A mysterious death, a bizarre murder method, a locked room, inheritance schemes, fraudulent wills, secrets galore and a horde of suspects unwilling to cooperate -- all the makings of a grand old detective novel of the old-fashioned school. Dorothy Salisbury Davis takes these intriguing ingredients of a traditional whodunit recipe and created The Judas Cat (1949). She whips up a tale of long held family secrets while simultaneously exploring the effects of small town's population at the mercy of corrupt businessmen and an opportunistic mayor.
The death of 92 year-old Andy Mattson arouses the curiosity of reporter Alex Whiting and Chief Waterman. The man is found in his locked home with a starving and out of control cat prowling the outer room. Mattson died from an apparent heart attack according to the coroner, but with a look of utter terror on his face that leaves Alex Whiting asking several questions. What exactly happened in that room to terrify the old man? Was he frightened to death? Why was the room locked? Why did the cat need to be killed to prevent it from attacking the two men investigating the scene? Delving into the life of the reclusive nonagenarian Whiting and Waterman uncover a secret side to Andy Mattson known to only a few. He was a toymaker of ingeniously designed wooden wind-up figures and had sold many of them to a toy manufacturing factory in the next town over. Mattson was also a mathematical wizard with superior engineering skills and had collaborated on some designs for hydraulic equipment during World War 2. Both the toy designs and hydraulic equipment lead to another inquiry into the legal ramifications of patent ownership that complicate the plot and provide a strong motive for Mattson's possible murder. Add to these facts the search for a hidden will and there is quite a bit of fuel that make Mattson's death seem less than natural.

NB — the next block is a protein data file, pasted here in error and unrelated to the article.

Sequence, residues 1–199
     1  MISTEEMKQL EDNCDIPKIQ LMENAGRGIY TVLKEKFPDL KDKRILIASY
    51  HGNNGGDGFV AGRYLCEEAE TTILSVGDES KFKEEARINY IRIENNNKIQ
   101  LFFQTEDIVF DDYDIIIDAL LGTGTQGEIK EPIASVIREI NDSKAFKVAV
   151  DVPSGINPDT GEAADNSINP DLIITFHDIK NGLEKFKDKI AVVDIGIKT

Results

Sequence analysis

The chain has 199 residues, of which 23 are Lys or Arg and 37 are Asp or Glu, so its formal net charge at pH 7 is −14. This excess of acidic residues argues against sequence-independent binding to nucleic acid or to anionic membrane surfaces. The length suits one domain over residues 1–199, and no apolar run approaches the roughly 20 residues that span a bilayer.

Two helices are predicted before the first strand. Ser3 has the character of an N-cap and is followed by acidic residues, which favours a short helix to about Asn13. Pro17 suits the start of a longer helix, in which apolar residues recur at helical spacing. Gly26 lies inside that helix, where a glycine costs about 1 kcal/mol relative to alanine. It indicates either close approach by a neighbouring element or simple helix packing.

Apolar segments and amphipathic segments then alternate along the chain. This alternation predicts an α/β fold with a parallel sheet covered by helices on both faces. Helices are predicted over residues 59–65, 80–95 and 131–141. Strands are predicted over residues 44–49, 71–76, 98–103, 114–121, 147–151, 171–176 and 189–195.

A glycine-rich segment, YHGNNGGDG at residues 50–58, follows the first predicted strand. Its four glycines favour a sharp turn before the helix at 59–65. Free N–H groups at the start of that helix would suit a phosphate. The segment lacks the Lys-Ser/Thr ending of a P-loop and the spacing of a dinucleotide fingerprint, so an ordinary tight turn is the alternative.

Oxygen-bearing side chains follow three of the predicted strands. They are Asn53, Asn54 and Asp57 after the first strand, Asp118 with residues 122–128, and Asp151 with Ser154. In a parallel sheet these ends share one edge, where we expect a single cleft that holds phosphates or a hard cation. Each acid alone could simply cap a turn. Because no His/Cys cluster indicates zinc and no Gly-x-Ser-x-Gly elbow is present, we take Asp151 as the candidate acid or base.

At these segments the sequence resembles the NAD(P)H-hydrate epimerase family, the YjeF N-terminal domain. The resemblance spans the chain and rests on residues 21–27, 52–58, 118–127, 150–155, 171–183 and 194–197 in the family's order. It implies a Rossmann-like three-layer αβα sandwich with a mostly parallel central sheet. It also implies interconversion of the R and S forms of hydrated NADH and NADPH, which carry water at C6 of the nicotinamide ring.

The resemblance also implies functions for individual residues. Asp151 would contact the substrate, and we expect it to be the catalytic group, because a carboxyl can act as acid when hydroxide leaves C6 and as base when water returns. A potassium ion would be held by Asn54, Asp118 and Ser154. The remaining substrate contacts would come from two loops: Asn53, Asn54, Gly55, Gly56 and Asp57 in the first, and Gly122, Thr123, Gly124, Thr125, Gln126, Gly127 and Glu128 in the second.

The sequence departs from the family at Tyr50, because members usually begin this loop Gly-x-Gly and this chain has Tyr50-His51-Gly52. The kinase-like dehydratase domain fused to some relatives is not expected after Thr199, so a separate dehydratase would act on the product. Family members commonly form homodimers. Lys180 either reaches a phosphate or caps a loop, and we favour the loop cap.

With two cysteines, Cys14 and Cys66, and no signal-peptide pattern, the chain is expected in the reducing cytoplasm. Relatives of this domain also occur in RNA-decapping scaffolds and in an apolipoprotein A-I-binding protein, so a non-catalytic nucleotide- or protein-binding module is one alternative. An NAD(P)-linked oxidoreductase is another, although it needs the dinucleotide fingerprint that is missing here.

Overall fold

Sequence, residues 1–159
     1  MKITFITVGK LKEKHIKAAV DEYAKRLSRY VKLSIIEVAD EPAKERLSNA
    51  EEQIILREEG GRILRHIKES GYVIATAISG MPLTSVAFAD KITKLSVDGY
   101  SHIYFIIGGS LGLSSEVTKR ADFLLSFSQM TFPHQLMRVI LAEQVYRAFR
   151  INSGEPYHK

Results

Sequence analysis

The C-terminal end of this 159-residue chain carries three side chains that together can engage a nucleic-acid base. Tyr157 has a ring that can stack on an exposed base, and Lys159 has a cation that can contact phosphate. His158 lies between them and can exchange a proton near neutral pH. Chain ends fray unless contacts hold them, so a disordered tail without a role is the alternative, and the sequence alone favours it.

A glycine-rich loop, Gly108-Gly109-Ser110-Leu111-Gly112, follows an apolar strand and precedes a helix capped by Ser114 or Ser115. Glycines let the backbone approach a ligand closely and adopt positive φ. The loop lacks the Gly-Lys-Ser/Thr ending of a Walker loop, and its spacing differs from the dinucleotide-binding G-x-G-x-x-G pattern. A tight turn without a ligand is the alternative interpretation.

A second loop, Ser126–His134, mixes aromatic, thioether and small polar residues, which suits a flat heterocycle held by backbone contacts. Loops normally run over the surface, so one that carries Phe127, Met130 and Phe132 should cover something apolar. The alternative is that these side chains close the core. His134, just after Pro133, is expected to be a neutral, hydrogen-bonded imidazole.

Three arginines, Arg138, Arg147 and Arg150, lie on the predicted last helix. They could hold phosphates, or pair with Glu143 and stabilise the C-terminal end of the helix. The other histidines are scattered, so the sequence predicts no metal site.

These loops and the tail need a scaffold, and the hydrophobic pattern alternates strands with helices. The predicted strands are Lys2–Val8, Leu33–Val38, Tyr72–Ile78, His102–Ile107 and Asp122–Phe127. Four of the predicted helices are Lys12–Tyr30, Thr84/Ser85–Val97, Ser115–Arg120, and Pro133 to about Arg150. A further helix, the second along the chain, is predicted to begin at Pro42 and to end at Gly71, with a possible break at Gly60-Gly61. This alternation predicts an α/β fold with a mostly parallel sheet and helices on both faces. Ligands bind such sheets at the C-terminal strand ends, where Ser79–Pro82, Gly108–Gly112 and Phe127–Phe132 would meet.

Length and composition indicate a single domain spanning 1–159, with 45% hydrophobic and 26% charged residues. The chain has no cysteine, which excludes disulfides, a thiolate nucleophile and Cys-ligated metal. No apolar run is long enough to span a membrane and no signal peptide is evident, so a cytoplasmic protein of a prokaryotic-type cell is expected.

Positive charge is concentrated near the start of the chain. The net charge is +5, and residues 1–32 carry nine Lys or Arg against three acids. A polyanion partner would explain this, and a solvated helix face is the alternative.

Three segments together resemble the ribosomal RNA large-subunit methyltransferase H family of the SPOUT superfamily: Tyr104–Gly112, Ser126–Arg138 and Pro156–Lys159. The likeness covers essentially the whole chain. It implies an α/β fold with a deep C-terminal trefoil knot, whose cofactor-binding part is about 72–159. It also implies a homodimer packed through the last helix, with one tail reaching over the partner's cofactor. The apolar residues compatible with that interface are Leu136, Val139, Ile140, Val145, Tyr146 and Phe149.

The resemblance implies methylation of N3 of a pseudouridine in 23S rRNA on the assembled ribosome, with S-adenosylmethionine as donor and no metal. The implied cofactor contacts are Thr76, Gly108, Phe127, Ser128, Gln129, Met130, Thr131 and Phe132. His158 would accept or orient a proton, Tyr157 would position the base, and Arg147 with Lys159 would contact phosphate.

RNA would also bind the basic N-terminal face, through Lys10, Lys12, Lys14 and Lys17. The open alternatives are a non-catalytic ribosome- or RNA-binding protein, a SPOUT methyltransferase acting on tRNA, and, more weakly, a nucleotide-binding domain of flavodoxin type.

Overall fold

Anthony Boucher one of mysterydom's most insightful and prescient critics, called The Judas Cat "rewardingly perceptive novel" and predicted that Davis would be a writer to watch in the future. She proved to live up to the promise of this first captivating novel with a run of top notch suspense stories that further developed the crime novel and elevated out of the realm of the too often maligned whodunit.